I don't think much of this list of names for emotions we don't have names for in English, but one or two strike a chord. No. 2, for example, 'Opia', is one I've been experiencing more of recently out and about in Budapest. Accidentally meeting eyes with someone, looking into the other's soul fleetingly, can be an extraordinary moment. That 'satori' that mother described having once on Deansgate in Manchester was this kind. The predominant emotion on both sides in that quick second of locking glances seems to be a kind of astonished sense of unity: Are we together?
Friday. Three days ago got a haircut and felt a bit bad merely asking for a mere trim when all hands were on deck tending to the more complex haircare needs of two rather glamorous Russian molls. One striking thing about Hungarian versus Slav girls is the different sense of colour. Even when they get it wrong, Slavs like a bright shade or two. One of the Russians was all in body-tight black showing her curves except for a curious cardigan/robe/shawl-thing in the most gorgeous powder blue. I'm not sure it really suited but it was dramatic and it stood out. Her Russian friend was in a frilly body-hugging cream/beige skirt/frock-thing that showed off her curves with no other touch of colour except for suede boots in an almost alarming apple green. Both Russians had some idea of taste, had chosen just one intense thing to stand out, and weren't afraid of colour. Whereas Hungarian girls with those figures tend to wear a low-key mix of browns, greys, white, black, creams - almost as if afraid any bright shade will take attention away from their legginess or slim waists, almost as if colour blind and dressing deliberately to hide it. More likely, the two cultures have different definitions of taste. In the same way that the one time I visited Athens absolutely everyone was wearing either a white shirt with black trousers or black skirt, or a black shirt with black trousers or skirt. That austere monochrome was their idea of good taste. Meanwhile, one writer thinks US politics is changing, while another suggests that people are too dim to make democracy work.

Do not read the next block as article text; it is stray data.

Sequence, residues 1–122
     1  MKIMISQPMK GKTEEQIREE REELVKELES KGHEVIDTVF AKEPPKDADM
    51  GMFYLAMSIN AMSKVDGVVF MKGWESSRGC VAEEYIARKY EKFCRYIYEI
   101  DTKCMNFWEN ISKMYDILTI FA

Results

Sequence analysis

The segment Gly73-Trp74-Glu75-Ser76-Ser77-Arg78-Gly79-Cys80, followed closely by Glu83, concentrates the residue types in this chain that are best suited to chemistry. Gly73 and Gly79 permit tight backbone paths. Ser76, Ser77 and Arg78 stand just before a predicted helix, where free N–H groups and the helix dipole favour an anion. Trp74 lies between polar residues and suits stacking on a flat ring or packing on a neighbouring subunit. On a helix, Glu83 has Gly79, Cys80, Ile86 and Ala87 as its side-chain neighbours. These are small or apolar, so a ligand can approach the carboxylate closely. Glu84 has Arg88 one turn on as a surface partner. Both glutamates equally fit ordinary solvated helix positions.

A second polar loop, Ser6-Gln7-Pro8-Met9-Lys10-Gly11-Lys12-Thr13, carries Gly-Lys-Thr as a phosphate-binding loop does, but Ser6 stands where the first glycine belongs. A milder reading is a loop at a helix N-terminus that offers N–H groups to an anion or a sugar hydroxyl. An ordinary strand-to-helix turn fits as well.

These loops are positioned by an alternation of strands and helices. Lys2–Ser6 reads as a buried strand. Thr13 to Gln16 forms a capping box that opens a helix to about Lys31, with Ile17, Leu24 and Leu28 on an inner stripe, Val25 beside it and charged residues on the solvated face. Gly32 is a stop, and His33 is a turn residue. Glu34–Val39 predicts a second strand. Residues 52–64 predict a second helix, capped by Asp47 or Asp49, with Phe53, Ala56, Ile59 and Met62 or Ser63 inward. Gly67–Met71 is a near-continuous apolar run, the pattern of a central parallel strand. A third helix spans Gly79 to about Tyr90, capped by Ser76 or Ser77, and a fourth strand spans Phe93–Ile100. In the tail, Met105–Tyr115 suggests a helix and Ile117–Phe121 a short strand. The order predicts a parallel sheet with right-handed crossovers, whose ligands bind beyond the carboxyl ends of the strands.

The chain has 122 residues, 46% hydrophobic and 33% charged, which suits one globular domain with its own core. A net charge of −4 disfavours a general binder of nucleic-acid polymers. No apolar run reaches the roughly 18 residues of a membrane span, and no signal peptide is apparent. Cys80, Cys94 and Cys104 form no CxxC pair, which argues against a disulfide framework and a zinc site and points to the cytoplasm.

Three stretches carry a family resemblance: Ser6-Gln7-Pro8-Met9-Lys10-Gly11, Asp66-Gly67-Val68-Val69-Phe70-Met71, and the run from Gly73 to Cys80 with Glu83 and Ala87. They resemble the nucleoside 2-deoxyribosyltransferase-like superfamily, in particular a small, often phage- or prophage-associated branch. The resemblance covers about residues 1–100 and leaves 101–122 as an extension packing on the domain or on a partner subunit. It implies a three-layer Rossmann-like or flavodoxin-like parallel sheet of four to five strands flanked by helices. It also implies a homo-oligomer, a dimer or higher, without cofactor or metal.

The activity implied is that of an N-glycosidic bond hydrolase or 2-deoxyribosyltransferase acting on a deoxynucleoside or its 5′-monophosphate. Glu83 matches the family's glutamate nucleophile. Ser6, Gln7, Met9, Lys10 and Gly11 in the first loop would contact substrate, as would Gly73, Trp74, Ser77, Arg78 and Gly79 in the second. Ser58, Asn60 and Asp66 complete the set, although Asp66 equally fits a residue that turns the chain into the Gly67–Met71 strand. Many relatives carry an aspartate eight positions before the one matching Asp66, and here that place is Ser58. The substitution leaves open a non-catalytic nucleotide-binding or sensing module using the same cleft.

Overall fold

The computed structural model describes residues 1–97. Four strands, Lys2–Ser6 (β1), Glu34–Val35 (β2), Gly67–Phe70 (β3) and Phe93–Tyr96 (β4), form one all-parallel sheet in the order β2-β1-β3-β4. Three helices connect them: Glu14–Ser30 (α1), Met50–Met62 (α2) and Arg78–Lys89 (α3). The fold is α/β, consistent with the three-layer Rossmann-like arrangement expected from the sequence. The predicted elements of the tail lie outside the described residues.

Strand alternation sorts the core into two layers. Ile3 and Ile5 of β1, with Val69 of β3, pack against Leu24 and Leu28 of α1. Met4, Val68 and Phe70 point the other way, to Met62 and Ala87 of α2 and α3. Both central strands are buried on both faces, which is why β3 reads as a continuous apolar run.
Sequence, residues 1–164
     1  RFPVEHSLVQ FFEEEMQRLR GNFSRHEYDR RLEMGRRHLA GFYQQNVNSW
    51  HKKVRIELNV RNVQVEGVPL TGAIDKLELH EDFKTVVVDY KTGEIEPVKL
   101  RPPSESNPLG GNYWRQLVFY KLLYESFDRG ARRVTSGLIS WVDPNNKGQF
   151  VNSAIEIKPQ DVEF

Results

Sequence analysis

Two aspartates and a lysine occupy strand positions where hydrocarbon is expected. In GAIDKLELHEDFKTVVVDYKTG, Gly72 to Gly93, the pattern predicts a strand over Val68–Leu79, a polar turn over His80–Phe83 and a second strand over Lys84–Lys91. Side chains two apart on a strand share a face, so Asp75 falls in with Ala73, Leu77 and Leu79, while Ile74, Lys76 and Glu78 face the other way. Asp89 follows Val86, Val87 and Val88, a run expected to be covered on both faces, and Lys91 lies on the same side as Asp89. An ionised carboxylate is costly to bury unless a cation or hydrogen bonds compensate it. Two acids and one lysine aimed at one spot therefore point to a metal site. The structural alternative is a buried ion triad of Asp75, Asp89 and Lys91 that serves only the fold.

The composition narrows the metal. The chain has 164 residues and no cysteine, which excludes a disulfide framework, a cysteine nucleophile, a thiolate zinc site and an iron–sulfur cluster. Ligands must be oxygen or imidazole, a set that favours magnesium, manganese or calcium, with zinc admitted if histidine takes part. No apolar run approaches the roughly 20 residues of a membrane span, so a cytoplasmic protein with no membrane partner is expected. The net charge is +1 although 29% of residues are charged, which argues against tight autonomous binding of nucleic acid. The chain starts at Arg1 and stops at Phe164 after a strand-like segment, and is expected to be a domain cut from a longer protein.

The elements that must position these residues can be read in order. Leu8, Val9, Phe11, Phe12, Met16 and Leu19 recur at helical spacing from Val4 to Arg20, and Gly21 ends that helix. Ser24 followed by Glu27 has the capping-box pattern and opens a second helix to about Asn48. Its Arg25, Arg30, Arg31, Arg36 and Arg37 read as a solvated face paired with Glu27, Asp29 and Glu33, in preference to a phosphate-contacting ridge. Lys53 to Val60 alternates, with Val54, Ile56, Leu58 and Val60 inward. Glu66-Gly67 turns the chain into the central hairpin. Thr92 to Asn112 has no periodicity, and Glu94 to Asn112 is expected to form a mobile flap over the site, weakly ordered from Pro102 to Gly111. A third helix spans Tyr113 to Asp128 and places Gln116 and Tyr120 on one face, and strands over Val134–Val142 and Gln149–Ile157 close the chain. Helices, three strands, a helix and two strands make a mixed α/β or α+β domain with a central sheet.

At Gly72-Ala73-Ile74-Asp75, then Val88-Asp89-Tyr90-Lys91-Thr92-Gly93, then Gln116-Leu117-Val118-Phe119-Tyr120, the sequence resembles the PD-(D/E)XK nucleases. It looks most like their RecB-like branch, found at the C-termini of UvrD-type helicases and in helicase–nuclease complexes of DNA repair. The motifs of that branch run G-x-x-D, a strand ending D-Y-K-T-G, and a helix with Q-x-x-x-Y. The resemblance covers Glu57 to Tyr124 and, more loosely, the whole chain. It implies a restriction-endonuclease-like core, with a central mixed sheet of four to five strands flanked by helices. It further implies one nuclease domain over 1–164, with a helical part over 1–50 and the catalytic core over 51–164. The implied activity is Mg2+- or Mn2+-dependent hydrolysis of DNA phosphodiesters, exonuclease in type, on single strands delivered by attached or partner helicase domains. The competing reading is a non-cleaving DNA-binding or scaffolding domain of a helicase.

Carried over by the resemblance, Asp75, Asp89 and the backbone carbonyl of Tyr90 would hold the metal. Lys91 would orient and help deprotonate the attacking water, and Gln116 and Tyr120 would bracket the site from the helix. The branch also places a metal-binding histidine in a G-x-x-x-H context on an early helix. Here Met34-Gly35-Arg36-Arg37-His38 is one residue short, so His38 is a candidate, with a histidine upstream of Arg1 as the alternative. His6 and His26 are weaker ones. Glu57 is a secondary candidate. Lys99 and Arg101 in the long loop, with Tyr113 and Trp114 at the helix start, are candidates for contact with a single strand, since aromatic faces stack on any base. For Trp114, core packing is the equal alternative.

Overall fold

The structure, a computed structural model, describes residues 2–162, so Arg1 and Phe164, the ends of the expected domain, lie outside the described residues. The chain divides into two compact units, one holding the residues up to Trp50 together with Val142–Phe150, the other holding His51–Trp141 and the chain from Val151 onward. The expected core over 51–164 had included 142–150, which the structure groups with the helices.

Thursday. An intriguing map of Europe in 1500. Apart from France, England, Spain, elsewhere things look rather different to today's continent. A huge Lithuania, a patchwork of small Irish clan kingdoms, a mighty Denmark, and two puzzling territories: 'Hungary Bohemia' versus 'Bohemia Hungary'?